Oil rally sees banks, local firms review loan terms

With oil price recording its longest streak of consecutive daily gains in two years, indigenous oil firms and Nigerian banks are back on the negotiating table to restructure debts, a development that could make or mar the nation’s banking sector.

In Nigeria, the oil and gas business is a drug most big banks find difficult to resist, including the most catholic.

Nigerian banks find the oil and gas business attractive because of their huge capital outlays, large intraday cash flows (in case of downstream companies), sizable foreign currency inflows (in case of upstream and midstream companies).

However, year 2020 re-echoed fears of 2016 as a coronavirus-induced slump in demand not only increased the inventory period of downstream operators but also left millions of Nigeria’s Bonny light crude unsold, and prices as low as $12.

The above development means the indigenous firms that bought assets could no longer generate revenue at the levels expected when they agreed to loan terms, putting themselves and banks at risk.

At the peak of the pandemic, most banks moved quickly to restructure loans, which were nearly N5 trillion as at second quarter 2020, allowing obligors breathing space to generate cash flows, while other banks issued moratorium on loan repayments.

“Banks that have bilateral loans with local oil firms restructure the loans not because it was bad as at that time, but just to make sure it reflects the current economic realities; while for syndicated loans, which are more tedious in terms of restructuring, CBN gave some form of forbearance,” a senior chief financial officer familiar with the matter, told BusinessDay.

Early last year, banks cut a deal with the Central Bank of Nigeria (CBN) as they were granted regulatory forbearance in the restructuring of loans. The deal meant over 33 percent of industry loans were restructured as part of the deals signalling the spate of economic crunch that had hit the private sector.

“Most of the banks book significant impairment charges due to some increased exposure to credit losses due to their exposure to stressed sectors like oil and gas,” Gbolahan Ologunro, an economist at Cordros Capital Limited, said.

According to data from the National Bureau of Statistics (NBS), total oil and gas loan in Nigeria was estimated at about N4.94 trillion as at the second quarter of 2020, or a combined 26.2 percent of total credit to the private sector.

Out of the total N4.94 trillion, oil and gas upstream accounted for N3.6 trillion while downstream sector accounted for N1.3 trillion.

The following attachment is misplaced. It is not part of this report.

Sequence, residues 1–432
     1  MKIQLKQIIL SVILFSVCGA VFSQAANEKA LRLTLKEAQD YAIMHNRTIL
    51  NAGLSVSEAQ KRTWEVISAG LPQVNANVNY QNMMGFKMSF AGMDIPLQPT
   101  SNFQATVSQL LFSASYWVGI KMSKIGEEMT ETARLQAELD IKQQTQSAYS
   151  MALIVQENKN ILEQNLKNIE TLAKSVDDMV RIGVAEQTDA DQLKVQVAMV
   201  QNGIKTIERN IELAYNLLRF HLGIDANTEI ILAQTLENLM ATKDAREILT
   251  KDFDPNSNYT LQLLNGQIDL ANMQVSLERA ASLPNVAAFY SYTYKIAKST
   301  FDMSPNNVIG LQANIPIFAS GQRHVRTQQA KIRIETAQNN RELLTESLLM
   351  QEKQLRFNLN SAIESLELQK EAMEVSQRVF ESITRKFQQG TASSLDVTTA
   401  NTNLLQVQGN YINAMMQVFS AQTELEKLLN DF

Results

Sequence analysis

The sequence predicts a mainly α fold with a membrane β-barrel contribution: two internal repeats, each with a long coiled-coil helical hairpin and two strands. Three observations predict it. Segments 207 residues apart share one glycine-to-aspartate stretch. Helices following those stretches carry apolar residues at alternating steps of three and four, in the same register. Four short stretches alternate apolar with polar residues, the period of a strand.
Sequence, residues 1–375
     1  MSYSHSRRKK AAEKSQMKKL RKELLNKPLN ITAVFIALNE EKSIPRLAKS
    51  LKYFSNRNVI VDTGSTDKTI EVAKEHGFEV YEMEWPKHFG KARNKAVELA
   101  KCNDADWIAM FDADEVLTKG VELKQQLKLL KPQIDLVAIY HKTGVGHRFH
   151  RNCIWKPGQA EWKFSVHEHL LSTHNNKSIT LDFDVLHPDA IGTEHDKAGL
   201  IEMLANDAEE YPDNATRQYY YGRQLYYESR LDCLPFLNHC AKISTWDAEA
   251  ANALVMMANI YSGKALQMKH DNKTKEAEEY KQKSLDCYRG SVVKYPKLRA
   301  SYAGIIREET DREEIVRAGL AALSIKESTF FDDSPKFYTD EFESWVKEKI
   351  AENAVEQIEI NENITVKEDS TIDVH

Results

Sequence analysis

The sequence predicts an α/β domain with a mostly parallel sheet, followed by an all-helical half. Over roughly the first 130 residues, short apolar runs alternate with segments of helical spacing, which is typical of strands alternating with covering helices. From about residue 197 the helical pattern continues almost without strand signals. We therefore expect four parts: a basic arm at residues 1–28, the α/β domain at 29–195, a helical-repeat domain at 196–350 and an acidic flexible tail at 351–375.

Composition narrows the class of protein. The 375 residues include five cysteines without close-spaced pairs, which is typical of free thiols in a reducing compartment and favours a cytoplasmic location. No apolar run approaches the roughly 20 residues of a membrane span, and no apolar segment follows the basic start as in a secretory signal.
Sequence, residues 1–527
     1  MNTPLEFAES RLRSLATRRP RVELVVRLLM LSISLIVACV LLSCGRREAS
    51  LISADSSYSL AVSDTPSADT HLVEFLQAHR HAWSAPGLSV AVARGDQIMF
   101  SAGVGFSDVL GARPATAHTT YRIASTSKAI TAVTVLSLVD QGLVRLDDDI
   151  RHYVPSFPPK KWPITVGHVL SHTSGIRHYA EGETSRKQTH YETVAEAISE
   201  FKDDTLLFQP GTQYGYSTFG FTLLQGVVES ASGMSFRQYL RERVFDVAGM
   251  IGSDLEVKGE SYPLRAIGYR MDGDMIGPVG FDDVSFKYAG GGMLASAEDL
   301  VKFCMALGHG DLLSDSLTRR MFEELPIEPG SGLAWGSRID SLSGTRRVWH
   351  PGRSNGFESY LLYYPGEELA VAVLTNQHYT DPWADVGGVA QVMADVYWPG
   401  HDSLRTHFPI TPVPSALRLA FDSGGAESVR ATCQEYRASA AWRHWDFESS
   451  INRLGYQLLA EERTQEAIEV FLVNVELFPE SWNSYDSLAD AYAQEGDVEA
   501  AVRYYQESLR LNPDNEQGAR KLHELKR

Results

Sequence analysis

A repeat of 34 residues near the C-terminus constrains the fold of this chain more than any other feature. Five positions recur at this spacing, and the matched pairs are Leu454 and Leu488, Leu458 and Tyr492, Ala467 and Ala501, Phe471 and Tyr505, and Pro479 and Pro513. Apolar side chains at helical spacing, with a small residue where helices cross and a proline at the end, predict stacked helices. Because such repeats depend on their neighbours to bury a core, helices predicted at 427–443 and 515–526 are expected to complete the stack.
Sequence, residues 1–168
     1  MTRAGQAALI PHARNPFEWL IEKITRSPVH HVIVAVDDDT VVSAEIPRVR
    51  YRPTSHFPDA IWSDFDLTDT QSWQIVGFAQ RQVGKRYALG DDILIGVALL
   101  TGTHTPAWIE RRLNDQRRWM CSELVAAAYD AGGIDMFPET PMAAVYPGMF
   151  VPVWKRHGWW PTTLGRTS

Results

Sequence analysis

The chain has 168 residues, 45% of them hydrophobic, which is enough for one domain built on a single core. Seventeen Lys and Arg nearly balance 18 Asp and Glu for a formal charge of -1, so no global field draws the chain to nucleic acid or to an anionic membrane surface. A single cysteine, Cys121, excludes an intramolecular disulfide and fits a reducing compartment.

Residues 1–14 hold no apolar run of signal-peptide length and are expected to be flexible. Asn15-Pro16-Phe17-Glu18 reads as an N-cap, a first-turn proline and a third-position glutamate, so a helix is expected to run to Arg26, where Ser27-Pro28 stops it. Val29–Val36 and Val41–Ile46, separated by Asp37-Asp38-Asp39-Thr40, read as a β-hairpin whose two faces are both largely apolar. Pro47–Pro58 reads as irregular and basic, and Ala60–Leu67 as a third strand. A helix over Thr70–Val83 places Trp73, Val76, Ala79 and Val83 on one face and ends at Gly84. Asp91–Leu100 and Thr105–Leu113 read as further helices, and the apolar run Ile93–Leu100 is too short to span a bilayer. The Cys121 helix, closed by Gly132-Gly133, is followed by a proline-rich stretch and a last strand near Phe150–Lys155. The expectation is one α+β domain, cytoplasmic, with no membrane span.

Also, non-performing loans at the end of the second quarter of 2020 rose by 2.27 percent to N1.2 trillion, with the oil and gas sector accounting for 22.17 percent of the total amount.
There is also a growing apprehension that Nigerian banks are bracing up to provide for more bad loans in 2021, especially as forex scarcity or currency devaluation continues to impact negatively on businesses across the country.

A senior executive in one of Nigeria’s tier one banks said most of the projects or developmental plans abandoned in 2020 due to lower oil price were beginning to gain new life as companies have started approaching financial institutions for renegotiations.

“Negotiations are surrounding different hedge products for old projects while new loans will be accessed on a standard loan model,” he said.

With Brent, the benchmark for Nigeria’s Bonny light, hitting $61.02 after a torrid 2020, one would expect that Nigerian banks will be falling over themselves to provide the most attractive offers for independent crude producers, firms who among them pump about 10 percent of national output.

However, most analysts expect banks to be more thoughtful in terms of their 2021 exposure to the oil and gas sector.

“This is because the fate of the oil sector still hangs on the balance of how countries are able to improve vaccination alongside handling the threat of the second wave that continues to threaten the health of the global economy,” Ologunro said.

He explained that the recent uptick in oil prices would mean slower increase in impairment charges for most banks in the coming quarters, which is positive for net profit.

The International Monetary Fund (IMF) is projecting the Nigeria’s corporate sector and possibly the banking sector could face significant impact given that a third of banking sector loans are denominated in FX.

“Strict and proactive enforcement of existing prudential measures to limit FX loans to only those with FX earnings should limit this impact,” the IMF wrote in its Article IV report on Nigeria’s economy released on February 8.

Overtime, Nigeria’s oil and gas sector has been a poster child for growth in Nigeria, but its weak linkages with the rest of the economy have created a bizarre situation where the growth of the sector has increased the size of the wallets of sector participants. But this has not led to the required multiple benefits to the larger society, which wants to see a rise in living standards.

Nigeria’s oil sector expansion has merely supported an accretion of funds to the Federal Account Allocation Committee, which mainly goes into funding rising and bloated recurrent expenditure of the government.

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